NHDRA’s nine tips for tax filing season
Agency issues reminders, resources for taxpayers, preparers
As tax filings season comes upon us, the NH Department of Revenue Administration is offering taxpayers and tax preparers tips and resources to complete such tasks as filing returns and paying taxes.
“As a resource to the taxpaying community, we are committed to assisting taxpayers and tax preparers with all their needs this tax filing season,” said NHDRA Commissioner Lindsey Stepp. “We have introduced even more convenient ways to file and pay taxes through our new online tax management portal, Granite Tax Connect. The updated technology of GTC provides our customers with a simplified yet state-of-the-art taxpaying experience.”
Tax preparers can request access to a client’s account to make payments, file returns, and see correspondence from the department by creating a third-party web logon on Granite Tax Connect. To request access, go to the Granite Tax Connect home page, and under “Don’t have a username?” select “Create One” and follow the steps as directed.
To complete online enrollment, provide the following client information:
Account ID/License Number
Once the request is complete and a web logon is created, a confirmation message will be sent to the email provided. The owner of the account will then receive a letter from the Department, including instructions on how to grant the requested access. Once the account owner grants access, the tax preparer will be notified. If the request is not approved in 90 days, it will be rejected.
Set it and forget it
Granite Tax Connect allows taxpayers to schedule payments to be automatically withdrawn from their bank account on a specified date. To find payments that you have previously scheduled:
Log into Granite Tax Connect
Go to the “More…” tab
Select the Search Submissions hyperlink
Under the Pending tab you will see all scheduled payments
Taxpayers can choose to create a Granite Tax Connect account or simply make a payment without a login. With an account, taxpayers can file returns, schedule estimated payments, see a history of returns and payments submitted, and see letters received from the Department.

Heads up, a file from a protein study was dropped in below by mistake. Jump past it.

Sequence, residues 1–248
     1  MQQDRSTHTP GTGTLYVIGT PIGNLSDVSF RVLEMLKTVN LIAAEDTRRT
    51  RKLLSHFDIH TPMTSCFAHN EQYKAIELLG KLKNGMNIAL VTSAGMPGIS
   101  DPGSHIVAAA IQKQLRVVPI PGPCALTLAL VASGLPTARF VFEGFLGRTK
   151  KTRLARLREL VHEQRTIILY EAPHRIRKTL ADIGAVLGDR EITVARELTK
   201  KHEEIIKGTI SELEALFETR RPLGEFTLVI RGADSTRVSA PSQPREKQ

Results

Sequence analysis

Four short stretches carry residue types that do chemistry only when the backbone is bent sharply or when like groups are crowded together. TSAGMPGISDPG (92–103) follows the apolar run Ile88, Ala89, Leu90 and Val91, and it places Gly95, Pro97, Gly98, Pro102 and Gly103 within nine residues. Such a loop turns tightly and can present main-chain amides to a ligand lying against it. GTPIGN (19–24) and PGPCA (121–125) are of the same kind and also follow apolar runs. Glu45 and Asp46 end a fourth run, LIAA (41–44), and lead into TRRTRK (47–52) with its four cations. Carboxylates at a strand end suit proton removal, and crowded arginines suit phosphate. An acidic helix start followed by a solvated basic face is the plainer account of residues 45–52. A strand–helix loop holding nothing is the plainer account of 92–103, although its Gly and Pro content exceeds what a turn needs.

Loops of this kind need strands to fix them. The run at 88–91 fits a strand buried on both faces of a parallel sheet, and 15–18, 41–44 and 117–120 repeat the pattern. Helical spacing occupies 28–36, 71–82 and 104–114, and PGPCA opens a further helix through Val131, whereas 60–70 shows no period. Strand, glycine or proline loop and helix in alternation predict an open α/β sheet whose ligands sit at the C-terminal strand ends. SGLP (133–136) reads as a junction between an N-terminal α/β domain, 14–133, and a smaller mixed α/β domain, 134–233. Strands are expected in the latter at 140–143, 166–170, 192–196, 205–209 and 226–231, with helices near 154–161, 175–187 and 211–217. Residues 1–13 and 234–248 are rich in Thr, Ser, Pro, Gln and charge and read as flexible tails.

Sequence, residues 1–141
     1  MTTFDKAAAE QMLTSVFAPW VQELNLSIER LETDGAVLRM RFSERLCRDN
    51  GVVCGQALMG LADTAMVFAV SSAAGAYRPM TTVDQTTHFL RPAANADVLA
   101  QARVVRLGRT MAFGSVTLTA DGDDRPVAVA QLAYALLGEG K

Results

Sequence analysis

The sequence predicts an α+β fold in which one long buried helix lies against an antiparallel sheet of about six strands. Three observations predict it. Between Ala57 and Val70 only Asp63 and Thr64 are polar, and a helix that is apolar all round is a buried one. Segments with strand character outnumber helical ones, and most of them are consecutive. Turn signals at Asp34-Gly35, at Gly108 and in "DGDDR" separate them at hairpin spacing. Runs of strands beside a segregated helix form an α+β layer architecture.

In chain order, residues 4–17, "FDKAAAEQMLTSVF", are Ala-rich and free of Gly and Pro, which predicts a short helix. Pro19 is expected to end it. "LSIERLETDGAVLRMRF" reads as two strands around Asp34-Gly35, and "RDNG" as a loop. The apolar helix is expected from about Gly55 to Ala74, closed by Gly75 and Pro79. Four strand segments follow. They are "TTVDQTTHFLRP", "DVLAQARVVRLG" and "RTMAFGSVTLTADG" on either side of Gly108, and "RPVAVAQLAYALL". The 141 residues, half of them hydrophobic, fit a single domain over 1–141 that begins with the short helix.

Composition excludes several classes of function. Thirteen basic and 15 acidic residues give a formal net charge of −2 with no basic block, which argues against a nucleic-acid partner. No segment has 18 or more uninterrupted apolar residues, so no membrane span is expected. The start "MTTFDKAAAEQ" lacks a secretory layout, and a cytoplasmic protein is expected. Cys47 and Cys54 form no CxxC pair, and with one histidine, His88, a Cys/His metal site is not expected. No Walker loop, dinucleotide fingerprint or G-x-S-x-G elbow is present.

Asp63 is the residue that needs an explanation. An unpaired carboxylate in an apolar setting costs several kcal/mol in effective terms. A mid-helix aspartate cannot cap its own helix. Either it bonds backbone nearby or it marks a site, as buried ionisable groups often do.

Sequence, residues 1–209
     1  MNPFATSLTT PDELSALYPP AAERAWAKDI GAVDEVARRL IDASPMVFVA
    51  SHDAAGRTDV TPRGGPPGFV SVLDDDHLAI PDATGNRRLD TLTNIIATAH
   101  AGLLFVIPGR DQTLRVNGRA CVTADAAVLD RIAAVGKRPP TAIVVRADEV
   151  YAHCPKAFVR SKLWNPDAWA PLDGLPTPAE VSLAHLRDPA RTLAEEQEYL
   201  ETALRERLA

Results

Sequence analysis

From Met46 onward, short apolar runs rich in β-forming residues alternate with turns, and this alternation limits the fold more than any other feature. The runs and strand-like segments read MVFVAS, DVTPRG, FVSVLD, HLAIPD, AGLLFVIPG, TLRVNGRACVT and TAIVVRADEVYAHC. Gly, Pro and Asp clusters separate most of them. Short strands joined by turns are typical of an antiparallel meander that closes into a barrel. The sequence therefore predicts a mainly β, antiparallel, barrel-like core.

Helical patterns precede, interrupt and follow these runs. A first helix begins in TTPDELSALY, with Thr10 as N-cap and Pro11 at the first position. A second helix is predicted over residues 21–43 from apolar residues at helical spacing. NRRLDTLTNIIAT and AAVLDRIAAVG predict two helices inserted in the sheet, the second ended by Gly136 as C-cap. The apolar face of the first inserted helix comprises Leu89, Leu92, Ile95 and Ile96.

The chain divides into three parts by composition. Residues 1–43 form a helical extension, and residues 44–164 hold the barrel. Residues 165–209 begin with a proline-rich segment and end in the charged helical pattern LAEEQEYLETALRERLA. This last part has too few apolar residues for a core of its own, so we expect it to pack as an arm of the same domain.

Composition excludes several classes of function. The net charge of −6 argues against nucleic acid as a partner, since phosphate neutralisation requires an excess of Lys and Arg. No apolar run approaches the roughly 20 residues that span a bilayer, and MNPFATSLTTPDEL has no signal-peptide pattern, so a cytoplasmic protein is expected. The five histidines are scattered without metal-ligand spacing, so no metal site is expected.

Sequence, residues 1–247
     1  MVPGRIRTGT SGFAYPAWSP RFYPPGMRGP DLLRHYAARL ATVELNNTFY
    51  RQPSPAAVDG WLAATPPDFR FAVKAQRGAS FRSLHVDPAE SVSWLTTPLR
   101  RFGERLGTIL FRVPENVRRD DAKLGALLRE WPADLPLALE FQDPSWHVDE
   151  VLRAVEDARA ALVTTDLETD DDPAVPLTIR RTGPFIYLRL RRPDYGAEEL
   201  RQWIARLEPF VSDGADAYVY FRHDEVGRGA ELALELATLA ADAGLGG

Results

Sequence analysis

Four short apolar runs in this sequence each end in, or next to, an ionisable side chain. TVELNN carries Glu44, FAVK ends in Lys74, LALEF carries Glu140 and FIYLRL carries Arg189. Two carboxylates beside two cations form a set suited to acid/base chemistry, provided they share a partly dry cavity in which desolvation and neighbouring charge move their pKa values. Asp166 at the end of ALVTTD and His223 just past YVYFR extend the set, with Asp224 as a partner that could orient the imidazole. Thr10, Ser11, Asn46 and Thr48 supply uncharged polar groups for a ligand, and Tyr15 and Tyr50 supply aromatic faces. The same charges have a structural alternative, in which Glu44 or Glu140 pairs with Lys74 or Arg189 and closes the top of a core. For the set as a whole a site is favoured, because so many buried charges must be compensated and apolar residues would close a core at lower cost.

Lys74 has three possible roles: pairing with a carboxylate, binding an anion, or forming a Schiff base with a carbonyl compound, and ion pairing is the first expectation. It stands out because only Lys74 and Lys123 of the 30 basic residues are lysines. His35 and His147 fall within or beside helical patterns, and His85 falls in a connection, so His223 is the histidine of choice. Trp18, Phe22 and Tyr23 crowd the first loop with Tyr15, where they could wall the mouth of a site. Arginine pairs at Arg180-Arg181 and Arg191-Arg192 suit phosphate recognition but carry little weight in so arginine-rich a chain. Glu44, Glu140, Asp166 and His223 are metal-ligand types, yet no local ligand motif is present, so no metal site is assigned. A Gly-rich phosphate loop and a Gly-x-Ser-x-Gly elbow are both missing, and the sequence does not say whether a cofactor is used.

As a reminder, one’s GTC username is the full email address provided upon registration. Several different New Hampshire tax types can be added under one GTC account.
The tax must be paid in full by the due date to receive an extension to file the return. The extension only extends the time to file, not to the time to pay.
What year is it again?
A common mistake taxpayers make is downloading a previous year’s version of a tax form and then forgetting to update to the current year’s version the following year. NHDRA updates its tax return forms annually to reflect any tax law, tax rate, or other changes. Before you submit your tax return, ensure the correct tax year form is used and that all pages are present. Visit NHDRA’s Forms Page online to find the correct version of all forms. To access forms and instructions by tax type, visit revenue.nh.gov/forms. Taxpayers can also file most forms and returns online through Granite Tax Connect.
Channel your inner mathematician
A simple miscalculation could result in delayed processing and the issuance of assessments, penalties and interest. Double-checking the math on a return will help taxpayers avoid an easily preventable and potentially costly mistake.
Keep it consistent
Married taxpayers filing a joint Interest & Dividends Tax return should ensure the same taxpayer is listed first on the return each year. Changing the order of the names listed could result in delayed processing.
Pick one and stick with it
Many New Hampshire tax returns can be filed through NHDRA’s Modernized e-File (MeF) system or through NHDRA’s new online user portal, Granite Tax Connect. When a return is submitted electronically, there is no need to mail a paper copy to NHDRA. Submitting both may slow the process. Visit NHDRA’s Granite Tax Connect page to learn more about NHDRA’s improved online experience.
Don’t forget to pay
If tax, penalties, or interest is owed, ensure payment accompanies the return to avoid interest and penalties. NHDRA accepts electronic payment from a bank account as well as most major credit cards. If the amount owed is not paid electronically, mail a check accompanied by a payment coupon to NHDRA.
Be a rule follower
Taxpayers should make sure recently adopted rules don’t impact their tax filings each year. To view the department’s rules, visit revenue.nh.gov/laws/index.htm. The rules on the right-hand column with an “Adopted Text” link have been recently updated.
The sun hasn’t set on I&D yet
The 5% Interest and Dividends Tax hasn’t gone away just yet. Any New Hampshire resident or fiduciary whose gross interest and dividends income exceeds $2,400, or $4,800 for joint filers, must file and pay the Interest and Dividends Tax. The I&D Tax is phasing out by 1% beginning Dec. 31, 2023, until it is repealed on Dec. 31, 2026.
One last thing: Remember to sign all returns. NHDRA will not issue any refunds if the return is not signed. To avoid delay, remember this final, yet crucial step in the process. For taxpayer resources, please visitrevenue.nh.gov/assistance.